Collision avoidance

In general in 2p collisions are fairly simple. You want to take good collisions and want to avoid bad collisions. Returning ships will try to avoid making a move that could result in a collision at all costs. Some factors that go into collision avoidance is whether I have more turtles in a radius of 3, whether I have a turtle that is at least 1 closer to collision destination, the amount of halite both turtles have. If I deem a collision to be bad There was some interesting meta evolving in 4p turtle collisions. There's a prisoners dilemma. In the end though I just made my constraints for a 4p collision slightly more strict than 2p collisions.

Here is the main function that chooses whether a collision is net profitable or not.

bool GameMap::should_collide(Position position, Ship *ship, Ship *enemy) {
    bool is4p = game->players.size() == 4;
    if (enemy == nullptr) {
        enemy = at(position)->ship.get();

    int possible_loss = 0;
    if (ship->position == position) {
        possible_loss = at(position)->halite;

    if (at(position)->has_structure())
        return at(position)->structure->owner == constants::PID;

    if (enemy == nullptr) return true;

    int hal_on_square = at(position)->halite;
    int enemy_hal = hal_on_square + enemy->halite;
    if (ship->halite > 700) return false;
    if (possible_loss + enemy_hal < 300) return false;

    Ship *cenemy = get_closest_ship(position, game->getEnemies(), {ship, enemy});
    Ship *pal = get_closest_ship(position, {game->me}, {ship, enemy});

    if (cenemy == nullptr) return true;
    if (pal == nullptr) return false;

    int collision_hal = cenemy->halite + pal->halite + hal_on_square;

    // check if pal can gather
    int enemies = enemies_around_point(position, 4);
    int friends = friends_around_point(position, 4);
    if (friends >= enemies + 2) return true;

    int paldist = calculate_distance(pal->position, position);
    int enemydist = calculate_distance(cenemy->position, position);
    if (paldist > 2 + enemydist) return false;

    if (pal->halite + collision_hal > 1400) return false;

    if (ship->halite > possible_loss + enemy_hal)
        return false;

    if (friends >= enemies) {
        return true;
    return false;


Dropoffs were the main improvement to my bot in the mid to late season. I saw significant improvements once I implemented a system for ships to plan dropoffs in the future and make gathering/returning decisions based on dropoffs that haven't even been created yet. That being said my heuristic to actually plan the dropoff was pretty dumb. I planned a dropoff at the square with the max halite in a manhattan radius of 4 as long as it wasn't too close to enemies or an enemy dropoff.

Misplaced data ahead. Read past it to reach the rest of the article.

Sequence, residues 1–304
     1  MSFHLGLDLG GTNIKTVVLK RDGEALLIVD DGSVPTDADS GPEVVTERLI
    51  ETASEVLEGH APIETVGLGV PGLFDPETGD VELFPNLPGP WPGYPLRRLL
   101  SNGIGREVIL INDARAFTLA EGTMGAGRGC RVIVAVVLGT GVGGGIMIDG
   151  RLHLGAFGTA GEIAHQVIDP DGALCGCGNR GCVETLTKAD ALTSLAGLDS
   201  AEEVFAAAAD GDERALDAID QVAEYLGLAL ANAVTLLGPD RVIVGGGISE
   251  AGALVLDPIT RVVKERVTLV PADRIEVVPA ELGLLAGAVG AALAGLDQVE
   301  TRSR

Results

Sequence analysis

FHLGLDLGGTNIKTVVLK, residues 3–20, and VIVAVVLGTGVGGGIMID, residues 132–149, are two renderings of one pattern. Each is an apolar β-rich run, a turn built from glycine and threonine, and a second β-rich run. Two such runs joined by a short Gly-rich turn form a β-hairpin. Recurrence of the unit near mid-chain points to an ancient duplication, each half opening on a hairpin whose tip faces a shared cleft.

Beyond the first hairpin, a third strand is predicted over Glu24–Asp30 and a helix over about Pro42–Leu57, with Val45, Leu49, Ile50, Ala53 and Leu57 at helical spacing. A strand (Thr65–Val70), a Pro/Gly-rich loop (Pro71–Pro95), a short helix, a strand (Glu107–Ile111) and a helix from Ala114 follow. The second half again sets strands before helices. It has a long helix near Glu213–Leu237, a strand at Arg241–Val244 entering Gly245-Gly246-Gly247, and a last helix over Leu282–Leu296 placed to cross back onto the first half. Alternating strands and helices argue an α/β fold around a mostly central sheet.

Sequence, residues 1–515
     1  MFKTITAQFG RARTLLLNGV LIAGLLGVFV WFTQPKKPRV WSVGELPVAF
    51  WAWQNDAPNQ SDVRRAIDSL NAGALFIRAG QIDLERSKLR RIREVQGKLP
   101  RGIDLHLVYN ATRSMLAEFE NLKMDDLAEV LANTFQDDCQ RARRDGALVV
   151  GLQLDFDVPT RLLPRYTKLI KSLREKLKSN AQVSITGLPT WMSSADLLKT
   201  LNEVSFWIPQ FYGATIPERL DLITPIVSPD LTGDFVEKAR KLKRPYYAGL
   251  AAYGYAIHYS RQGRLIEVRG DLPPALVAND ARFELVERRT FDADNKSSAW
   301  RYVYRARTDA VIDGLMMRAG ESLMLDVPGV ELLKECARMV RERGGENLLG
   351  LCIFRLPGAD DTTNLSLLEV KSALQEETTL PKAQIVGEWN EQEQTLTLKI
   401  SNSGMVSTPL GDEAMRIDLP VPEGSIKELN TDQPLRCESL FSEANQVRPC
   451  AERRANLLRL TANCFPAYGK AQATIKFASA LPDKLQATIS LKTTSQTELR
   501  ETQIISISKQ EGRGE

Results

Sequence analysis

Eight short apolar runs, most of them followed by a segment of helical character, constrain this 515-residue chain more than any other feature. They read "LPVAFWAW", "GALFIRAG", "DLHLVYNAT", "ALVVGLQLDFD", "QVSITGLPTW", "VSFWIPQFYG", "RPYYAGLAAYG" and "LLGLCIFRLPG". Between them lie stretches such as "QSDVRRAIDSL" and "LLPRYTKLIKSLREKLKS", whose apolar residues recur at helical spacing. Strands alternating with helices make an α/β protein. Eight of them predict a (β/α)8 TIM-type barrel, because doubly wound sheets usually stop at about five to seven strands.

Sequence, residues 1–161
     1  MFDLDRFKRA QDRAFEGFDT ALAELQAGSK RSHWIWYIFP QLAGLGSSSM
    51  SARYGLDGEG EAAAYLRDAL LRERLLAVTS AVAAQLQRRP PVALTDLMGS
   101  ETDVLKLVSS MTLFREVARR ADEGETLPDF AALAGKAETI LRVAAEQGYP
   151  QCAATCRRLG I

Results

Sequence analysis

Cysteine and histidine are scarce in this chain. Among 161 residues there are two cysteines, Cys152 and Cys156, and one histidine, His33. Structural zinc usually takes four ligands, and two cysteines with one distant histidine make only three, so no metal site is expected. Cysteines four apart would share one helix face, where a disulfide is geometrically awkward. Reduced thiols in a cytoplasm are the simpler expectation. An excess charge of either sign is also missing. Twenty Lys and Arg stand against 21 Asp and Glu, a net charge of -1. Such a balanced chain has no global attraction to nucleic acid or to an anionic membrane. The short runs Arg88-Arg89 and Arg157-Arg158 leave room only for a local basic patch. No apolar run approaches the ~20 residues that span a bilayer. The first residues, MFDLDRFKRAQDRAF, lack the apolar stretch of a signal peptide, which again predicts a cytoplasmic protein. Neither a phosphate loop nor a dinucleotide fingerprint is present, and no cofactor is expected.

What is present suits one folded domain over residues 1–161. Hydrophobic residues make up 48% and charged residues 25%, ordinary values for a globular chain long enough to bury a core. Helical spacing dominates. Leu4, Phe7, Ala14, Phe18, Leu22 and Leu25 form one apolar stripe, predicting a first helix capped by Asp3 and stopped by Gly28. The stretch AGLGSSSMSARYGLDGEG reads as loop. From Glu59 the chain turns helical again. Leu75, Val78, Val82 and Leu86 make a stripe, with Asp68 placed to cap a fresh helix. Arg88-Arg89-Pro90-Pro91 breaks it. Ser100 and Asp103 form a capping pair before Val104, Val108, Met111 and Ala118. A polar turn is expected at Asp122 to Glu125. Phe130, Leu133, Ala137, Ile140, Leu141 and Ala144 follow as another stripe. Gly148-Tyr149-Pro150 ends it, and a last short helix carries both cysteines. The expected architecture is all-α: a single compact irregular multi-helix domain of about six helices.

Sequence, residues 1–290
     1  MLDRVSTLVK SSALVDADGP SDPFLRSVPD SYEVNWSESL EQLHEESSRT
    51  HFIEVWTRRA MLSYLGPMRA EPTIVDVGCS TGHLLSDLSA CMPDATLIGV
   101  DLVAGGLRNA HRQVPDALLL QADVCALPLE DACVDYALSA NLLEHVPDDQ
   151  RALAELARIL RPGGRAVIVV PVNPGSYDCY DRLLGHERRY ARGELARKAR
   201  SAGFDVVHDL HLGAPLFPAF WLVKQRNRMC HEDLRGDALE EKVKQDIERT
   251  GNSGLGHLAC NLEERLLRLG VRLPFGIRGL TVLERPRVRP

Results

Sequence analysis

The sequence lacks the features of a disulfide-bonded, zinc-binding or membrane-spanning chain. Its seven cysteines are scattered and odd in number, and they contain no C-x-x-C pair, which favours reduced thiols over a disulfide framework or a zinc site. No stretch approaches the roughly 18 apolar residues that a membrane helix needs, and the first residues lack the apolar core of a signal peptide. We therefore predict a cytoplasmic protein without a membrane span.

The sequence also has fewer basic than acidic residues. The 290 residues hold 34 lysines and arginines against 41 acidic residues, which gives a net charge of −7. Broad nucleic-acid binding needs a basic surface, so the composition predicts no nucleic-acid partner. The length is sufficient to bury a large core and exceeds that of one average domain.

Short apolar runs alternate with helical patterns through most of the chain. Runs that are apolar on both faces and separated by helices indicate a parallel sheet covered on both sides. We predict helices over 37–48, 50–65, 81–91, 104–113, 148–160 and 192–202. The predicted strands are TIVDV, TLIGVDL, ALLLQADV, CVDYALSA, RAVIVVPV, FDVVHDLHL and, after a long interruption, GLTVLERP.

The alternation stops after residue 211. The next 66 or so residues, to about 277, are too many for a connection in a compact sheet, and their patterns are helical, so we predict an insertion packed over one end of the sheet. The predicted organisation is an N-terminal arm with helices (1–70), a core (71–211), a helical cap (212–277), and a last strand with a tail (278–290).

After each ship has a destination, they generate x random walks towards their destination and take the walk that gives the best halite/turn. Each ship assigns a cost to each direction based on how badly it wants to move/not move there. Since we never want to make a move where our turtles would collide (except for the end of the match), we can use the Hungarian algorithm again to resolve the min cost set of moves for all our ships with a 1 turn lookahead while avoiding collisions completely.

Through coincidence several other competitors used something very similar. I recommend reading cowzow's post mortem as he describe how this works in more detail.

Ship spawning

Copy catting ship spawns in 2p seemed like a pretty good 'never be worse strategy'. I would permit overbuilding ships by about 4-5 over my opponent in 2p and use the same hard constants that I used in 4p to stop spawning.

In 4p figuring out how many ships to spawn is a little trickier. ZanderShah and I tried experimenting with a exponential moving average to estimate the value of a gathering ship (in terms of halite / turns) at any given time if (remaining turns * value est > ~1500) it would be likely that a spawned ship could payoff itself. However in general this seemed to perform just as good as naive tactics. In the end I used a combination of this, mirroring my opponents and the total amount of halite on the map / the total number of ships.


I used flourine for offline replay viewing which was a big help. I also added debug visualizations using flog to visualize targetting and dropoff placement. I do regret not investing more into tooling overall especially after seeing tooling used by other competitors.

Here is a screenshot from one of my local replays in fluorine setup. fluorine

Local testing

In general local testing was very good in this game. As I said before there is no real rock paper scissors element in this game So if v151 beats v150 in your tests 90% of the time it's likely v151 will perform better on the ladder.

4p games are somewhat more complicated because of inspiration. If you test with 1 v151 and 3 v150, because the v150 bots behave the same, they might get more inspiration because they'll mirror eachothers moves more often. My remedy for this was to use two bots of the current generation and two bots of the previous generation.

I also didn't setup any cloud computing to run games, and I think this may have been useful for parameter tuning, but I found it wasn't necessary with the rate of games that my bot got on the ladder.

Here is my stats for the playoffs. Stats from mlombs fantastic site stats

My bot seemed to be better in 2p. I believe this is mostly because I was good at taking aggressive collisions, and the collisions I took in 4p were less valuable.

Improvements for next season

Overall halite was a fantastic competition that I spent far too much time on. I plan to play again next year. Again the main improvement I think I can make for next year is invest into tooling early on.